Despite having virtually run out of rear grip, Dovizioso fought off Miguel Oliveira’s late attacks to secure fourth, with Tech3 KTM rider Oliveira also beaten by Johann Zarco at the very end.
Avintia Ducati rider Zarco made up two places on the final lap, his overtake on Oliveira coming after he’d dispatched Takaaki Nakagami – who nonetheless maintained his streak of finishing every race in the top 10 this season.
Quartararo had struggled badly for pace all throughout what was his first proper wet race in MotoGP, but benefited from attrition to stay in the top 10 for most of it.
Overtaken by Honda stand-in Stefan Bradl for eighth late on, he narrowly held on to beat title rivals Maverick Vinales (Yamaha) and Joan Mir (Suzuki) at the finish.
Vinales and Mir had been two riders badly compromised by Valentino Rossi dropping his Yamaha at the Dunlop chicane at the very start, forcing the pair to take avoiding action and dropping them to the back of the field.
Mir now sits 10 points behind Quartararo in second, with Dovizioso and Vinales a further eight and nine behind the Suzuki rider respectively.
Joining Rossi and Miller on the list of retirements were Aprilia’s Bradley Smith, who ran in the top 10 early on when he crashed out at the final corner; Franco Morbidelli, who had a poor race and came into the pits on his damaged bike after a fall; Crutchlow, who was on for by far the best result of an injury-ravaged season when he hit the deck from seventh place; and Avintia Ducati’s Tito Rabat.
|Pos||Name||Team||Bike||Laps||Laps Led||Total Time||Fastest Lap||Pitstops||Pts|
|1||Danilo Petrucci||Ducati Team||Ducati||26||26||45m54.736s||1m44.217s||0||25|
|2||Alex Marquez||Repsol Honda Team||Honda||26||0||+1.273s||1m44.224s||0||20|
|3||Pol Espargaró||Red Bull KTM Factory Racing||KTM||26||0||+1.711s||1m44.24s||0||16|
|4||Andrea Dovizioso||Ducati Team||Ducati||26||0||+3.911s||1m44.52s||0||13|
|5||Johann Zarco||Avintia Racing||Ducati||26||0||+4.31s||1m43.301s||0||11|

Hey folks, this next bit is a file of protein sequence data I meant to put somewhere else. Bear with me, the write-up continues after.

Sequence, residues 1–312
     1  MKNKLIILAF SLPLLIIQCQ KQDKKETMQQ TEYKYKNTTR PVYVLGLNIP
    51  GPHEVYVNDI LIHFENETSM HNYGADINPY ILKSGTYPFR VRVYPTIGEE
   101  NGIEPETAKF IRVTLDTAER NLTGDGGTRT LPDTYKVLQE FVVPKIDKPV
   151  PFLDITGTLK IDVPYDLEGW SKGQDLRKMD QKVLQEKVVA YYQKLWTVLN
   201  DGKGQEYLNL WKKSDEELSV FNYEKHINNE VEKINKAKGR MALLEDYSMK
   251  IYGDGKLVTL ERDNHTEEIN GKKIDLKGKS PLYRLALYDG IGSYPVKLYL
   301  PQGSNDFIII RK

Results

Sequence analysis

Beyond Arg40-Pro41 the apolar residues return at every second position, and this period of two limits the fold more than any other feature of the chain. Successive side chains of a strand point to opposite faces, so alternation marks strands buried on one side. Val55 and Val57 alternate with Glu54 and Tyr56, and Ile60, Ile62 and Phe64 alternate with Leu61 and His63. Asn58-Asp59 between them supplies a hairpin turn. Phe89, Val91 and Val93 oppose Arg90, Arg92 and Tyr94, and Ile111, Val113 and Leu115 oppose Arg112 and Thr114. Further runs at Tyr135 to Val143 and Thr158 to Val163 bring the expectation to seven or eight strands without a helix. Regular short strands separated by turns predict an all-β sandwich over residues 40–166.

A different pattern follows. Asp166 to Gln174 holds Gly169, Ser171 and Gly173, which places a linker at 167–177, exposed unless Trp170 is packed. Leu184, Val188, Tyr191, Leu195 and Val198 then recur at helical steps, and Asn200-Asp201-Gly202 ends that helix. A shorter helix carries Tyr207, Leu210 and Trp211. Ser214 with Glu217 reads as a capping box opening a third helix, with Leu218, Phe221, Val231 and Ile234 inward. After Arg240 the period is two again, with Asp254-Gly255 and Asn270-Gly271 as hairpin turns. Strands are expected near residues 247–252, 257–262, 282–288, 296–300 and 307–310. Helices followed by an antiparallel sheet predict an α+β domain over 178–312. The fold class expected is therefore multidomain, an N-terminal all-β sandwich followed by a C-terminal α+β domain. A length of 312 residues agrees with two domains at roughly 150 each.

|6||Miguel Oliveira||Red Bull KTM Tech 3||KTM||26||0||+4.466s||1m44.305s||0||10|
|7||Takaaki Nakagami||LCR Honda||Honda||26||0||+5.921s||1m43.938s||0||9|
|8||Stefan Bradl||Repsol Honda Team||Honda||26||0||+15.597s||1m44.247s||0||8|
|9||Fabio Quartararo||Petronas Yamaha SRT||Yamaha||26||0||+16.687s||1m44.641s||0||7|
|10||Maverick Viñales||Yamaha Factory Racing||Yamaha||26||0||+16.895s||1m43.877s||0||6|
|11||Joan Mir||Team Suzuki MotoGP||Suzuki||26||0||+16.98s||1m43.832s||0||5|
|12||Brad Binder||Red Bull KTM Factory Racing||KTM||26||0||+27.321s||1m44.895s||0||4|
|13||Francesco Bagnaia||Pramac Racing||Ducati||26||0||+33.351s||1m45s||0||3|
|14||Aleix Espargaró||Aprilia Racing Team Gresini||Aprilia||26||0||+39.176s||1m45.815s||0||2|
|15||Iker Lecuona||Red Bull KTM Tech 3||KTM||26||0||+51.087s||1m45.735s||0||1|
|16||Alex Rins||Team Suzuki MotoGP||Suzuki||26||0||+1m14.19s||1m44.697s||0||0|
|Jack Miller||Pramac Racing||Ducati||19||0||DNF||1m44.826s||0||0|
|Franco Morbidelli||Petronas Yamaha SRT||Yamaha||18||0||DNF||1m45.114s||0||0|
|Cal Crutchlow||LCR Honda||Honda||17||0||DNF||1m44.352s||0||0|
|Tito Rabat||Avintia Racing||Ducati||14||0||DNF||1m46.944s||0||0|
|Bradley Smith||Aprilia Racing Team Gresini||Aprilia||8||0||DNF||1m46.54s||0||0|
|Valentino Rossi||Yamaha Factory Racing||Yamaha||0||0||DNF||0s||0||0|